"Our daughter is now encouraging others to play" - The Paine Family
Sienna has a smile which lights up a room. Her vibrancy is contagious and the kindness she shows others is enough to make any parent proud. Looking through the camera lens at this confident (almost) five-year-old, it’s hard to imagine that at the start of this year, the picture was very different. Walking into AEIOU for the first time, staff were greeted by a shy girl with golden curls who feared being separated from her parents, struggled to communicate and lacked the self-assurance to play with others. The metamorphosis dad David and mum Steph have witnessed since then is nothing short of remarkable.
“There were several signs about Sienna’s behaviour that led us to suspect something was amiss. She had delayed speech and had difficulty making friends at childcare. Her diagnosis was one of those things we’ll probably never forget. We obviously had the assessment done because we suspected everything wasn’t ok, but it did take time to finally accept the answers we received and then learn how to live with this new normal.
We tried to help Sienna as much as we could via several different therapies. But we were so time poor with work commitments and running around everywhere for appointments that it was overwhelming. Fortunately we came across AEIOU, who we discovered offered occupational, speech and behavioural therapy under the one roof.
When we first visited the Nathan centre, it was immediately apparent that the centre was set up with the specific needs of children with autism in mind. Everything was clean, there were little distractions for the kids and the ratio of adults to children was much better than any childcare or kindergarten could provide. Sienna started at the centre in January 2018 when she was four years old.
Naturally, it was a very anxious time for Sienna being in such an unfamiliar environment, but she overcame this very quickly and even managed to engage with others for the first time. She initially found it challenging to go to the toilet because the needed to ask to get access, but she soon learned how to speak up and ask to go. She has definitely improved her sentence construction since working with the therapy team, who have been so patient with her.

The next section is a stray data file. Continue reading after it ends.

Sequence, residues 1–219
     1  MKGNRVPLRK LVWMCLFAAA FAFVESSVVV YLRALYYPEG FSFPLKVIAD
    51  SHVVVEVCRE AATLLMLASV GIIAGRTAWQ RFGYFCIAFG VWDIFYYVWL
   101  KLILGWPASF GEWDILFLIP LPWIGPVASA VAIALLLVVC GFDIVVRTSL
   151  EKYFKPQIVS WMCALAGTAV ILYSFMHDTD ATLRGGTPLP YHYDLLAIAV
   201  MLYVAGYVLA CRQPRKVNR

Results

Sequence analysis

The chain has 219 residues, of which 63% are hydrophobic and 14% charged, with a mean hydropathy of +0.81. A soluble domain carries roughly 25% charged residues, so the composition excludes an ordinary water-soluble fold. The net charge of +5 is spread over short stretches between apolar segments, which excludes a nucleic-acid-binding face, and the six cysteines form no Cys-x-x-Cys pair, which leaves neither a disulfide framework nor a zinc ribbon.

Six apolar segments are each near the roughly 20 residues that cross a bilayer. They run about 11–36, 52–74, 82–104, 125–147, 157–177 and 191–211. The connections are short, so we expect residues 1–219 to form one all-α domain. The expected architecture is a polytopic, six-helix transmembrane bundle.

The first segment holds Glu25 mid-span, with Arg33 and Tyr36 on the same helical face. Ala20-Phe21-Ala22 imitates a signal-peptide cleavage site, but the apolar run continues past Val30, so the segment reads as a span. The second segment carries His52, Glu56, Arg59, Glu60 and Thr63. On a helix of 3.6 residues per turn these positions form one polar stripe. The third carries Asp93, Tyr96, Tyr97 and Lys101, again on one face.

Seeing Sienna confidently riding a bike without trainers for the first time (one year earlier than her older sister) made us realise that we probably underestimate how quickly children learn things and adapt. We set goals for Sienna at AEIOU, and the structure at AEIOU has brought more routine to our lives and the stresses of planning extra-curricular activities and therapies have melted away.
Sienna now has some very good friends who she constantly talks about and looks forward to meeting each day. We’ve also been told by the team she’s taking a lead role in the playground and encouraging and guiding other children to play; something she was on the other side of only months ago. She has also become confident in larger groups and has learnt to be an active and engaged participant in the classroom environment. We love to visualise Sienna venturing off to primary school with her backpack on and having a close group of friends who she plays with.
We know many parents are probably still coming to terms with their ASD diagnosis when they are first met with the regimented nature of AEIOU. But it’s important to remember that while we as parents have reservations about sending our children off to ‘school’ from such a young age, the kids see it very differently. For them, it’s a place to go and have fun. AEIOU sets a foundation for them to develop and make friends in a safe environment without being judged. This social interaction is one of the most important skills to help them have a smooth transition into big school.”
By David & Steph PaineBack to Stories
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